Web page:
The Woman Who Lost Her Skin: (And Other Dermatological Tales)

The Woman Who Lost Her Skin: (And Other Dermatological Tales)

The Woman Who Lost Her Skin: (And Other Dermatological Tales)

The Woman Who Lost Her Skin: (And Other Dermatological Tales)

Synopsis

An inspirational collection of tales, they explain ailments of the skin, including melanoma, warts, albinism, & toxic epidermal necrolysis. Rob Norman explores the history & etiology of each condition & talks the reader through diagnosis.

Excerpt

In this fascinating, delightful, insightful and informative account of frontline medicine Dr Robert Norman joins a notable list of physician storytellers who report their daily, intimate experiences for the enlightenment and entertainment of the public. He is a worthy descendant of the likes of Chekhov who brought the physician's eye to the comedies and tragedies of the sick and scared.

While this book is eminently readable and therefore susceptible to the criticism of being superficial - even funny - no one should be deceived by Norman's lively, narrative style. Chronic skin diseases cause a lot of misery with devastating effects on the quality of people's lives. Norman shows his empathetic skills in his humanistic, non-affected manner of cheerfully helping these patients.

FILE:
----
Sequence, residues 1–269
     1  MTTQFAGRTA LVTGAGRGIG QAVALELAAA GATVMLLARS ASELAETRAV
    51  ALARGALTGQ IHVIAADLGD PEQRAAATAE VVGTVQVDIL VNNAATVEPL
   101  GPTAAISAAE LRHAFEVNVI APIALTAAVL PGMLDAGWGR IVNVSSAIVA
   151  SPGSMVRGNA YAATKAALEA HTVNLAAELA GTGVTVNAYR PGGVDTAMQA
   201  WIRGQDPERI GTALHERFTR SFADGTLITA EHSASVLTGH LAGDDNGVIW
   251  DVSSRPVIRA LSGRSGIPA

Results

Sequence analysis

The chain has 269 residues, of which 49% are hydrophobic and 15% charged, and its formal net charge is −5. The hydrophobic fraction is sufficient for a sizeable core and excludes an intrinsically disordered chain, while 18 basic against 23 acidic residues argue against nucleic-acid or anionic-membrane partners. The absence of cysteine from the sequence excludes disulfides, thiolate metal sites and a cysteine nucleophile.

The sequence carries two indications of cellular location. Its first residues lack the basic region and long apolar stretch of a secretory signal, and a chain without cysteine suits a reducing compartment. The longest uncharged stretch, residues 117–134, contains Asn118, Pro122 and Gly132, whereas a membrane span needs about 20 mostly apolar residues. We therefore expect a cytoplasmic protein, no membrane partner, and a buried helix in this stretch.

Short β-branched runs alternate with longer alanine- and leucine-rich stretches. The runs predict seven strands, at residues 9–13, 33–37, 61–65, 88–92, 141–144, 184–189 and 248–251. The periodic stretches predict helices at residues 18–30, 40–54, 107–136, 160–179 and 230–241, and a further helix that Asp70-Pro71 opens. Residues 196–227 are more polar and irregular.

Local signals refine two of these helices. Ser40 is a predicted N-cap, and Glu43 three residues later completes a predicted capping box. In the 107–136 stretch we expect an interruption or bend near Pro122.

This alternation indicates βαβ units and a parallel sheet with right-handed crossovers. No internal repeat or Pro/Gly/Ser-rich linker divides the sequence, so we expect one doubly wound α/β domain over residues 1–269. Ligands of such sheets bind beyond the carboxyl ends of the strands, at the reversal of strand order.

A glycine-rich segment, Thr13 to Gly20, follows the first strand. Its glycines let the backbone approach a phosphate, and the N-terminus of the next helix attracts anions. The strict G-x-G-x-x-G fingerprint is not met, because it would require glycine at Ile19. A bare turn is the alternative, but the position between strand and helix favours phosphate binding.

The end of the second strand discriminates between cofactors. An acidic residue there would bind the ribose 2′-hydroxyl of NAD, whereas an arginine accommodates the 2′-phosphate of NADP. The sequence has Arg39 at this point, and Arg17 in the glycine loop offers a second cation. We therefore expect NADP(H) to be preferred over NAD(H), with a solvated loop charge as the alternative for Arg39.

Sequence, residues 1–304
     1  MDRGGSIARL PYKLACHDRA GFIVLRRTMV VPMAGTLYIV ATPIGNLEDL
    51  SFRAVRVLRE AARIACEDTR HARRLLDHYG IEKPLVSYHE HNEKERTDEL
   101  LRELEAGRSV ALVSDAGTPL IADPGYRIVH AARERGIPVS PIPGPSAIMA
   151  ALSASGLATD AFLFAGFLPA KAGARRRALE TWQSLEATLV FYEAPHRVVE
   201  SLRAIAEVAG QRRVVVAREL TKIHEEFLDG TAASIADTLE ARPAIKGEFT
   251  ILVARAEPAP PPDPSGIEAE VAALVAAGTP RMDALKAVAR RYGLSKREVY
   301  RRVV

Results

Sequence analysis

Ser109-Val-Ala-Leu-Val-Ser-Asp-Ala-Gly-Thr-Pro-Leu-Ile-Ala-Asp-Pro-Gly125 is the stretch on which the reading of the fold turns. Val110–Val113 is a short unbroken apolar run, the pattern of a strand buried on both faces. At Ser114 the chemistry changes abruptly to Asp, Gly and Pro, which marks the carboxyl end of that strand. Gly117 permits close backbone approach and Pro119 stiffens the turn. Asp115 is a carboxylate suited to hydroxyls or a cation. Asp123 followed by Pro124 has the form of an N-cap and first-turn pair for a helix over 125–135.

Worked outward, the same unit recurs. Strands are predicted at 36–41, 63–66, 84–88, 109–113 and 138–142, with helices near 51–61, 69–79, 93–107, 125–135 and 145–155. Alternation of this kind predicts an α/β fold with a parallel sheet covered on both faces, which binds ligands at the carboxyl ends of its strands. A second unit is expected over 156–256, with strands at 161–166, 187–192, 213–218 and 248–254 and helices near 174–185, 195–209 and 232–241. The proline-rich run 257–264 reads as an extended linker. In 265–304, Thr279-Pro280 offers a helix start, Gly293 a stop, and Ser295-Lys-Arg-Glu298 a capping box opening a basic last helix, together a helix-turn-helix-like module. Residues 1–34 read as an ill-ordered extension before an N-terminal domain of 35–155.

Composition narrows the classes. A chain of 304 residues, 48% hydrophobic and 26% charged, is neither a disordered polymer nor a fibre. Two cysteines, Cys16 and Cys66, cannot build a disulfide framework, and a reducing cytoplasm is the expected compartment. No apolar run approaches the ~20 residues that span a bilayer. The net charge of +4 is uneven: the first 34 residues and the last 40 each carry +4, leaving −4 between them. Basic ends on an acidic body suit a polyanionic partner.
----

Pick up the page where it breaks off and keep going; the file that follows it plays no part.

Dr Norman is a scholar who possesses the rare ability to use the conversational form to communicate how the caring, compassionate doctor deals with frightened patients. He is the holistic doctor who takes into account patients' beliefs and feelings to the enhancement of a favorable therapeutic outcome.

Norman is a talking-listening doctor who knows how to avoid doctor-speak to learn more about his patients' fears and hopes. This book allows you become a close observer of what is actually going on in the patient-doctor encounter. Medical students, drowning in a Niagara of new evidence-based medicine, would do well to read this account. They will learn much more about the art of medicine than the professoriate has the time or interest to teach them.

In a time when doctors are widely thought to be merely technocrats who dispense medicines rather than psychological support and counseling, Norman's chatty account is an inspiration for those who long for that

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